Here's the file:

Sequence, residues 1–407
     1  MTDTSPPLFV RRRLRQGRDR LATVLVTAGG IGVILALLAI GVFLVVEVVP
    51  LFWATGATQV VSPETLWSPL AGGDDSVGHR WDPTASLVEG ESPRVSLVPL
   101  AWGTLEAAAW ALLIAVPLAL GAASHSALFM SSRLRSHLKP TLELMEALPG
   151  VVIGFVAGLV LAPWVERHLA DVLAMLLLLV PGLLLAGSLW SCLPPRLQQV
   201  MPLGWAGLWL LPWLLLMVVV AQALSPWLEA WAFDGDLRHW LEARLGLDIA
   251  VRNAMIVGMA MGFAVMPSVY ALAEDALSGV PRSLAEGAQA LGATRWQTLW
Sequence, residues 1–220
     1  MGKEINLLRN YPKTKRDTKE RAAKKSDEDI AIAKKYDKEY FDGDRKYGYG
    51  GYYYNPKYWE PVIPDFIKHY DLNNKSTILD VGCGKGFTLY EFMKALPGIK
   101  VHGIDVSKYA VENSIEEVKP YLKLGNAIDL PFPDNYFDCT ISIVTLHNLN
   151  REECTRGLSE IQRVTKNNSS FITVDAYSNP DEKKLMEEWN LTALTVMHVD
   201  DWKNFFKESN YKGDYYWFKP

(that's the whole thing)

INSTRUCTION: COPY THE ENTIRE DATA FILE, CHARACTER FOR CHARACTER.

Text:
Sequence, residues 1–407
     1  MTDTSPPLFV RRRLRQGRDR LATVLVTAGG IGVILALLAI GVFLVVEVVP
    51  LFWATGATQV VSPETLWSPL AGGDDSVGHR WDPTASLVEG ESPRVSLVPL
   101  AWGTLEAAAW ALLIAVPLAL GAASHSALFM SSRLRSHLKP TLELMEALPG
   151  VVIGFVAGLV LAPWVERHLA DVLAMLLLLV PGLLLAGSLW SCLPPRLQQV
   201  MPLGWAGLWL LPWLLLMVVV AQALSPWLEA WAFDGDLRHW LEARLGLDIA
   251  VRNAMIVGMA MGFAVMPSVY ALAEDALSGV PRSLAEGAQA LGATRWQTLW
Sequence, residues 1–220
     1  MGKEINLLRN YPKTKRDTKE RAAKKSDEDI AIAKKYDKEY FDGDRKYGYG
    51  GYYYNPKYWE PVIPDFIKHY DLNNKSTILD VGCGKGFTLY EFMKALPGIK
   101  VHGIDVSKYA VENSIEEVKP YLKLGNAIDL PFPDNYFDCT ISIVTLHNLN
   151  REECTRGLSE IQRVTKNNSS FITVDAYSNP DEKKLMEEWN LTALTVMHVD
   201  DWKNFFKESN YKGDYYWFKP